Yoon vetoes controversial Nursing Act
President Yoon Suk Yeol on Tuesday vetoed a controversial nursing bill that defines the roles and responsibilities of nurses.
During a Cabinet meeting Tuesday morning, Yoon vetoed the newly legislated Nursing Act, which has sparked fierce tensions between doctors and nurses. The decision came just 20 days after the bill passed in the National Assembly.
“The Nursing Act is causing excessive conflicts between related occupations,” Yoon said.
“[The legislation of] nursing services outside medical institutions is arousing insecurity regarding people’s health.”
This marks Yoon’s second veto of a bill, following his veto of an amendment to the Grain Management Act last month.
Once a bill is returned to the National Assembly, it must be approved by two-thirds of a quorum of lawmakers to override the veto.
However, this is unlikely with the Nursing Act as the People Power Party (PPP) holds 115 parliamentary seats out of 300.
The bill was pushed through the National Assembly on April 27 by the Democratic Party (DP), which holds more than half of the legislature’s 300 seats.
“It is very regretful that such social conflicts and anxiety were not resolved through comprehensive discussions between occupations and deliberation in the parliament,” Yoon added.
The Nursing Act, which stipulates “all citizens are entitled to nursing care at medical institutions and in local communities,” led doctors to go on partial strikes after the bill was passed, concerned that such a bill would allow nurses to practice medicine independently and even open clinics due to the inclusion of the term “local communities.”
The current Medical Service Act states that nurses should perform healthcare services under the guidance of physicians.
Other medical staff, including certified nursing assistants, have also been protesting the bill, arguing that the legislation privileges nurses.
Nurses have been calling for a separate law defining their roles and responsibilities, as the ambiguity of the current law has led them to perform duties outside of their jobs.
The opposition party on Tuesday lamented Yoon’s rejection of the bill.
“President Yoon’s veto of the Nursing Act is a hypocritical action of showcasing care for the medical system, incompetency for not being able to keep his pledge and arrogance for ignoring the parliament’s legislative power,” DP floor spokesperson Kim Han-kyu wrote in a statement.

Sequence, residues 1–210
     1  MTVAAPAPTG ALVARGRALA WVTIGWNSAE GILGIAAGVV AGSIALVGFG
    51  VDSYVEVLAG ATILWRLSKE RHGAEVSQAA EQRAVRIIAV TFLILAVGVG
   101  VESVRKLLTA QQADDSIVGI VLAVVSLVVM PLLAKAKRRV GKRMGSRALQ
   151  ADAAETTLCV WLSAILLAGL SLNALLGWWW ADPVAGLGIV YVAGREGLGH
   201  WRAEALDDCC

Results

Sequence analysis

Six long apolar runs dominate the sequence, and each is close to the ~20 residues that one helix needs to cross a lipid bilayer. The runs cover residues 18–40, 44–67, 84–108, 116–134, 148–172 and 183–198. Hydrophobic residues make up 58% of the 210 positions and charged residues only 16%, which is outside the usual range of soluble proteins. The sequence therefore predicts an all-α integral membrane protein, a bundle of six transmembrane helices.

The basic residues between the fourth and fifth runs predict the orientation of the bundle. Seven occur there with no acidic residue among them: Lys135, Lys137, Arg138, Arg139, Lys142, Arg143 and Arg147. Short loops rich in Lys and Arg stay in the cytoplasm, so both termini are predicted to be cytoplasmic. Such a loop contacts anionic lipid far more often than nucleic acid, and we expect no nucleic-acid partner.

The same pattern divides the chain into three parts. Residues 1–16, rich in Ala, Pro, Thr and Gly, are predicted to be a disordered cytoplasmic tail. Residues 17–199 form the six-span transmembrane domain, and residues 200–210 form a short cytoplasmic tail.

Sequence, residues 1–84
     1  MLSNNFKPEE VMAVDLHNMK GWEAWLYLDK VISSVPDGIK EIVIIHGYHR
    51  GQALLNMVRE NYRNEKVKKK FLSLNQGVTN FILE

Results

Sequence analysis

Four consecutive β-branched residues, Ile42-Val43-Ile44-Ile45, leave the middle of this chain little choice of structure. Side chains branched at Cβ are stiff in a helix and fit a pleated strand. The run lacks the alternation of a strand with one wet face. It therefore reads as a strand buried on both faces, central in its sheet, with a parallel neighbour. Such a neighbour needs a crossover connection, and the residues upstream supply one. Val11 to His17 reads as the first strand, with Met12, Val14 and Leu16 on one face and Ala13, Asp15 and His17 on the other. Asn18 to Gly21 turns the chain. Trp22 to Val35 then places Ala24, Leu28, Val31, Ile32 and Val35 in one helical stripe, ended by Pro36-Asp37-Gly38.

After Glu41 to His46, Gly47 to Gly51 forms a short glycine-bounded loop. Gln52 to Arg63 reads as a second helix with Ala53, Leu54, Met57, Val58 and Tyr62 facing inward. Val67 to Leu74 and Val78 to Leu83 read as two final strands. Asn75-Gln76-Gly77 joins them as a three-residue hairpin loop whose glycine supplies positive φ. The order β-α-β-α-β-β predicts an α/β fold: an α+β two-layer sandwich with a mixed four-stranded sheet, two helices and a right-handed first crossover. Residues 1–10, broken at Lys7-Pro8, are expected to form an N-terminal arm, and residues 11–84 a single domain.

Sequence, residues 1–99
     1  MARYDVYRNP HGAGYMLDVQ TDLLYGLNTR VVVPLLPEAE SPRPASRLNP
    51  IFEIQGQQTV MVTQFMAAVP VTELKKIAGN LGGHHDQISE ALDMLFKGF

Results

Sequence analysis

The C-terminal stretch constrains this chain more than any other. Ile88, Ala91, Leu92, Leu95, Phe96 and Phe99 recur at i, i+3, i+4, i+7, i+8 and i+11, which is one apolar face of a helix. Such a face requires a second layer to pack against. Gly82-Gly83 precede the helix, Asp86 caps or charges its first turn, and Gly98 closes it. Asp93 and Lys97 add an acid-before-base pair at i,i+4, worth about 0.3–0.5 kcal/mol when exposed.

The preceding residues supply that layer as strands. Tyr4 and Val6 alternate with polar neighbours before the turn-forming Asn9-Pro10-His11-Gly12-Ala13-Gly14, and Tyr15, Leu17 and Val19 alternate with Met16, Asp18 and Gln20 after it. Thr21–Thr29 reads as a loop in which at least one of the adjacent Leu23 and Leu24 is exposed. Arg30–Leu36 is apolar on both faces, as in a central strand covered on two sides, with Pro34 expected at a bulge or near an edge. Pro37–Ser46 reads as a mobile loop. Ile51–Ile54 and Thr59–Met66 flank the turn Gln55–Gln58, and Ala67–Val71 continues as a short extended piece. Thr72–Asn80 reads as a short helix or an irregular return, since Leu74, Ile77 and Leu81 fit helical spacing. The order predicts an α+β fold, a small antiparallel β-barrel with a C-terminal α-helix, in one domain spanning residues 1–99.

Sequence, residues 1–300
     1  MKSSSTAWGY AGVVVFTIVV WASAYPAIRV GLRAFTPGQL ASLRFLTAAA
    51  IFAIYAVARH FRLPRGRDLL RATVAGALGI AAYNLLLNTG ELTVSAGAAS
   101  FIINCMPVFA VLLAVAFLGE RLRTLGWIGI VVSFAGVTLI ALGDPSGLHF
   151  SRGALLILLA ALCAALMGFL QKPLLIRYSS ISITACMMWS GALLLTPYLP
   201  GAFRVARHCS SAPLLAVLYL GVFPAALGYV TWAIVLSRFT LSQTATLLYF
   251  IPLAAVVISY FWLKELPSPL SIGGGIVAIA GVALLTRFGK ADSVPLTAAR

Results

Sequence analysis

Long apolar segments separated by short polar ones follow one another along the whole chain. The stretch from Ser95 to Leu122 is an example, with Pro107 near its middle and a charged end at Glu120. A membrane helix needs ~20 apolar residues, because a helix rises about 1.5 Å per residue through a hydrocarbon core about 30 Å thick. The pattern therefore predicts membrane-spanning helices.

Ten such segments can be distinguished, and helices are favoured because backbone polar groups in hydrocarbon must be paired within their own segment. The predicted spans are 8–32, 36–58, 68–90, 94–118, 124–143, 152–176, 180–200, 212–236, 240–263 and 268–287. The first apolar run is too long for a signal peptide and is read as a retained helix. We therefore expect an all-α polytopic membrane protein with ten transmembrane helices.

“If the Yoon administration continues with hypocrisy, incompetence and arrogance, it will be hard to avoid a harsh judgment from the public,” Kim said, asking Yoon to withdraw his decision.
DP floor leader Park Kwang-on also wrote on his Facebook that Yoon’s veto of the bill is an act of “rejecting the public,” criticizing that it is hard to find “leadership from Yoon to unite people.”
The Korean Nurses Association (KNA) held a press conference near the presidential office in Yongsan, central Seoul right after the Cabinet meeting ended on Tuesday.
“The president’s promise to legislate the Nursing Act is full of evidence and records, but the president has broken such pledges and promises,” Kim Young-kyung, president of the KNA, said.
“We will not stop fighting for the legislature of the nursing bill.”
A day earlier, the KNA had warned of a group response if Yoon vetoes the bill, although it had not disclosed what actions they will take to protest the president’s decision.
The PPP had been hesitant in rejecting the bill as the nurses’ union is much larger than the unions for doctors and nursing assistants who protest against the bill, which could affect their chances in next year’s general election.
“[The veto] is not a rejection of the nurses’ request but it is to make a stable change since the entire medical system could be affected if the bill is legislated,” an official from the presidential office was quoted as saying.
Some 13 medical associations, including the Korean Medical Association, that went on partial strikes against the Nursing Act decided to put on hold their planned full strike on Wednesday until the bill is put to vote again at the National Assembly.
The reconsideration of the bill is expected to take place at a parliamentary plenary session as early as next Thursday.
The government on the same day promised to improve the working conditions of nurses regardless of the legislation.
“The country will take responsibility and improve the working conditions of nurses according to the measures announced in April to support nurses regardless of the legislation of the Nursing Act,” Health and Welfare Minister Cho Kyoo-hong said during a press briefing held after the president’s veto of the bill was announced.
“We will draw up a reasonable cooperative system so that different occupations could take care of patients on-site based on their expertise.”
BY CHO JUNG-WOO [firstname.lastname@example.org]